The sink hole which developed on August 3, 2012 continues to have sloughing events, in fact, Wednesday morning, a a section of ground measuring 50 feet by 10 feet along the southwest side of the sink hole fell in. Between 5 and 10 trees fell into the sink hole.
LEAN has stated that ”activities in association with the Texas Brine failed cavern, sink hole and natural gas in the aquifer could continue to results in health impacts associated with odor events”.
Here is the newsletter from LEAN:
In a e-newsletter published by LEAN,
A sink hole developed in the Bayou Corne area of Assumption Parish on August 3, 2012. The sink hole is adjacent to the edge of the Napoleonville Salt Dome and adjacent to an abandoned Texas Brine salt mining cavern in the Napoleonville Salt Dome. The abandoned Texas Brine cavern was breached and failed. The bottom of the failed Texas Brine Cavern is filled with 1,500 feet of dark gray shale like sediment material which resembles wet cement. The top of the cavern contains crude oil and natural gas. The potential source of the crude oil and natural gas in the failed cavern is from one or more of the three oil and gas production zones adjacent to the edge of the salt dome at a depth of 3, 000 to 6,000 feet.
A hydrocarbon layer is floating on the water surface and vegetative debris in the sink hole. At a community meeting last night in Bayou Corne, the hydrocarbon layer floating on the sink hole was identified as crude oil and was identical to the crude oil contained in the Texas Brine cavern. The only difference in the crude oil is that the crude oil in the sink hole has the light end fraction degraded.
As the sink hole developed, the Bayou Corne/Grand Bayou community began complaining of odors and associated health impacts. Louisiana Environmental Action Network (LEAN) developed an Odor and Symptom Log For Use in Association with the Bayou Corne Incident and posted the Odor and Symptom Log on the LEAN web site.
Analysis of air samples in the Bayou Corne/Grand Bayou area by the Louisiana Department of Environmental Quality demonstrated that the concentrations of toxic chemicals in the air, including Volatile Organic Compounds such as Benzene, Toluene, Ethyl Benzene and Xylene, were below the Louisiana Ambient Air Standards. However, though the concentrations of toxic chemicals were below acceptable standards, health symptoms continue to be experienced and reported by community members.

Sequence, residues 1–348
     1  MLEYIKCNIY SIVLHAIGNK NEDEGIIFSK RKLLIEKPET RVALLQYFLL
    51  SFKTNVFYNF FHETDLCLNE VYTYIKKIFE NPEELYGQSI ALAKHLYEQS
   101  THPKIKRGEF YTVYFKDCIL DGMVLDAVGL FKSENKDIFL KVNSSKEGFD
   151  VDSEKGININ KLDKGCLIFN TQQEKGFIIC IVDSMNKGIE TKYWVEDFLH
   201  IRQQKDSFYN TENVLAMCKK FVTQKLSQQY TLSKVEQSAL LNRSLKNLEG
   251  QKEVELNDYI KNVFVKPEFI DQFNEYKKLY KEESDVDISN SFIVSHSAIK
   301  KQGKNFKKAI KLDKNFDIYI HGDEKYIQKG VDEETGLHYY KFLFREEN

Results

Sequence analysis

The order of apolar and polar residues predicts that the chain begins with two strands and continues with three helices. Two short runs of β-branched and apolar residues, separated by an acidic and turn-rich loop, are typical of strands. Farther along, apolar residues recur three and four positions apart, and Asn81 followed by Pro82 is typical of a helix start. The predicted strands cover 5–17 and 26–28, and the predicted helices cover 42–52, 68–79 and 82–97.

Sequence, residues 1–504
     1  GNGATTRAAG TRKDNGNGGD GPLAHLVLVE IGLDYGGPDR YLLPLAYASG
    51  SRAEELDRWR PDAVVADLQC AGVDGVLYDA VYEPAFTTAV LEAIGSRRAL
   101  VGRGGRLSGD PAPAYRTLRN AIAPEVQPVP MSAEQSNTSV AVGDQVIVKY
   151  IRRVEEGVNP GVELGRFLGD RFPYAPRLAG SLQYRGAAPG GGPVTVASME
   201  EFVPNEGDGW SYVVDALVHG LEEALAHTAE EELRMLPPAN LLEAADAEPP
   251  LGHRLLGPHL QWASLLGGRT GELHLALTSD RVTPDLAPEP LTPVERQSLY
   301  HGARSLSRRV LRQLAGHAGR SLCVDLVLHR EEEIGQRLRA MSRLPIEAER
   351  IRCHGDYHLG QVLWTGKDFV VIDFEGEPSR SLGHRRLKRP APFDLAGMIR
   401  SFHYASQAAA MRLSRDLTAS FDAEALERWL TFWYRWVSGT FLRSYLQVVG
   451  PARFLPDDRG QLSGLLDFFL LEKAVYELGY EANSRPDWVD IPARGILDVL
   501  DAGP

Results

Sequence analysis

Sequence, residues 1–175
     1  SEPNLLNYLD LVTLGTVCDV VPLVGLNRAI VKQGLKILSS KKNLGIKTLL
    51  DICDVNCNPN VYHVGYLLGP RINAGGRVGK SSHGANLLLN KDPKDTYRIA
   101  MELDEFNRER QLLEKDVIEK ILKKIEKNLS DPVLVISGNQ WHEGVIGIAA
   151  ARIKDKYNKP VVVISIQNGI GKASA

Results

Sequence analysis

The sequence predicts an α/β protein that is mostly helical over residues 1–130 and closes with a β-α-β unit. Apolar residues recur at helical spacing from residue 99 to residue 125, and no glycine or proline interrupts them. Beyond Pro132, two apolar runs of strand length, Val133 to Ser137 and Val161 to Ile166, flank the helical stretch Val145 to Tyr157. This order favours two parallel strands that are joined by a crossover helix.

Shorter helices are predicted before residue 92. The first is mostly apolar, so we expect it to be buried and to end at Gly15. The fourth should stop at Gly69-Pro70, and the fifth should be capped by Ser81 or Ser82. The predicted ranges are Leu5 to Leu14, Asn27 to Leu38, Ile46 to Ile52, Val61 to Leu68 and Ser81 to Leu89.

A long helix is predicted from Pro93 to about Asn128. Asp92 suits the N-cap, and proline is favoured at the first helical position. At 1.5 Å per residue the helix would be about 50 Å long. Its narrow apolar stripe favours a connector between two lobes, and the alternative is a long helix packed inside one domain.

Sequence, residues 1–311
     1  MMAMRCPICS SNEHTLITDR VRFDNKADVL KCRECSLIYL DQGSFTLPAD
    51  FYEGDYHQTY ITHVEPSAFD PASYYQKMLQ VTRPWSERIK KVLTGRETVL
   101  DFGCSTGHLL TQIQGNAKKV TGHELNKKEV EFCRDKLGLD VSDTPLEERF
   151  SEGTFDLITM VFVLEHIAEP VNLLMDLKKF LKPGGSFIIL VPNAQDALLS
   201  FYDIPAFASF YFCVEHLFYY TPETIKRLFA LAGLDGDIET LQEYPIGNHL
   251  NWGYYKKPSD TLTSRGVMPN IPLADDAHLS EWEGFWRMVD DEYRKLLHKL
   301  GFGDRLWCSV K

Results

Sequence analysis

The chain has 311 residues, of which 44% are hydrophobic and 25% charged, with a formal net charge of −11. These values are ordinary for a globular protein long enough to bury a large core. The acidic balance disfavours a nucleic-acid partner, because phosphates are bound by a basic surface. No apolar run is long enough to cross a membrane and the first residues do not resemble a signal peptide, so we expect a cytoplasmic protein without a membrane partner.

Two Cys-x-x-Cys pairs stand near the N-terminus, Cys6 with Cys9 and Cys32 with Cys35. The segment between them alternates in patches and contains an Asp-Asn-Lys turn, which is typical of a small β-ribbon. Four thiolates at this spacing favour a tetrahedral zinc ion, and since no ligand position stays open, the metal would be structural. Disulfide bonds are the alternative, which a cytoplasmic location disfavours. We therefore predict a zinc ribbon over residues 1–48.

Locations where odors and health symptoms were reported by community members: Highway 70 between Bayou Corne and Gator Corner/Stop
Highway 70 and Gumbo Street
Highway 70 between Gumbo Street and Gator Corner/Stop
Crawfish Stew Street
Time Odors were observed 6:30 AM and 9 PM
Description of Odors Diesel
Source of Odors Sink Hole
Health changes associated with odor event
84% of individuals reporting odors, experienced health impacts associated with the odor events
Sore Throat 53%
Nose Irritation 21%
Burning and Watery Eyes 21%
Mood Changes 11%
Nose Bleed 5%
Skin Irritation 5%
Sleep Disorder 5%
Behavioral Upset 5%
Activities in association with the Texas Brine failed cavern, sink hole and natural gas in the aquifer could continue to results in health impacts associated with odor events.
Texas Brine will recover the crude oil hydrocarbons contained in the failed cavern and an oil reclaimer will remove and process the marketable crude oil.
Texas Brine will continue removing vegetative debris and the hydrocarbon layer from the sink hole.
The sink hole continues to have sloughing events. The latest sloughing event occurred on October 9, 2012, at 8:30 AM when a section of ground measuring 50 feet by 10 feet along the southwest side of the sink hole fell in. Between 5 and 10 trees fell into the sink hole.
The Shaw Group under contract with the Department of Natural Resources will begin flaring natural gas from two relief/vent wells. The relief well #2 has a 5 foot natural gas column near the top of the shallow groundwater aquifer. A well on Texas Brine leased property contains a 10 foot natural gas column. The gas from these two wells will be flared through a single portable flare as early as Friday. Based on investigative information, the highest quantity of natural gas near the top of the shallow aquifer is nearest the sink hole. It is estimated that the flaring of the gas from these two wells will have no impact on the gas bubbling events occurring in the bayous in the Bayou Corne/Grand Bayou area.
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